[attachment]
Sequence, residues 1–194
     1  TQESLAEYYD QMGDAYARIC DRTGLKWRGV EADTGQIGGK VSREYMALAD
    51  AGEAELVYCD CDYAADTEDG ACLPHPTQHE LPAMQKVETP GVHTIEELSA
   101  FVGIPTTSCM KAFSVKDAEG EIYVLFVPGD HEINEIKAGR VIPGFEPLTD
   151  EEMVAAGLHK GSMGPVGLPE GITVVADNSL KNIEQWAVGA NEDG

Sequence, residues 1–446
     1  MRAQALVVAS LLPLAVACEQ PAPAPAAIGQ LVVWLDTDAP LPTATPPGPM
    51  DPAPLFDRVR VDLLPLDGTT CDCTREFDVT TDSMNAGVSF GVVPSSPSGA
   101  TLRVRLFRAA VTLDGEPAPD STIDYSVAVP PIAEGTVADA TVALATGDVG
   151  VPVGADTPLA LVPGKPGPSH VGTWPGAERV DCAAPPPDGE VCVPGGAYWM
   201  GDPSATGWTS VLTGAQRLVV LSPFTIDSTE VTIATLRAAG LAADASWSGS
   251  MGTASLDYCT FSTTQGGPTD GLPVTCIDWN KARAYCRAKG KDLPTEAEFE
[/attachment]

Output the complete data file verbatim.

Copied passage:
Sequence, residues 1–194
     1  TQESLAEYYD QMGDAYARIC DRTGLKWRGV EADTGQIGGK VSREYMALAD
    51  AGEAELVYCD CDYAADTEDG ACLPHPTQHE LPAMQKVETP GVHTIEELSA
   101  FVGIPTTSCM KAFSVKDAEG EIYVLFVPGD HEINEIKAGR VIPGFEPLTD
   151  EEMVAAGLHK GSMGPVGLPE GITVVADNSL KNIEQWAVGA NEDG

Sequence, residues 1–446
     1  MRAQALVVAS LLPLAVACEQ PAPAPAAIGQ LVVWLDTDAP LPTATPPGPM
    51  DPAPLFDRVR VDLLPLDGTT CDCTREFDVT TDSMNAGVSF GVVPSSPSGA
   101  TLRVRLFRAA VTLDGEPAPD STIDYSVAVP PIAEGTVADA TVALATGDVG
   151  VPVGADTPLA LVPGKPGPSH VGTWPGAERV DCAAPPPDGE VCVPGGAYWM
   201  GDPSATGWTS VLTGAQRLVV LSPFTIDSTE VTIATLRAAG LAADASWSGS
   251  MGTASLDYCT FSTTQGGPTD GLPVTCIDWN KARAYCRAKG KDLPTEAEFE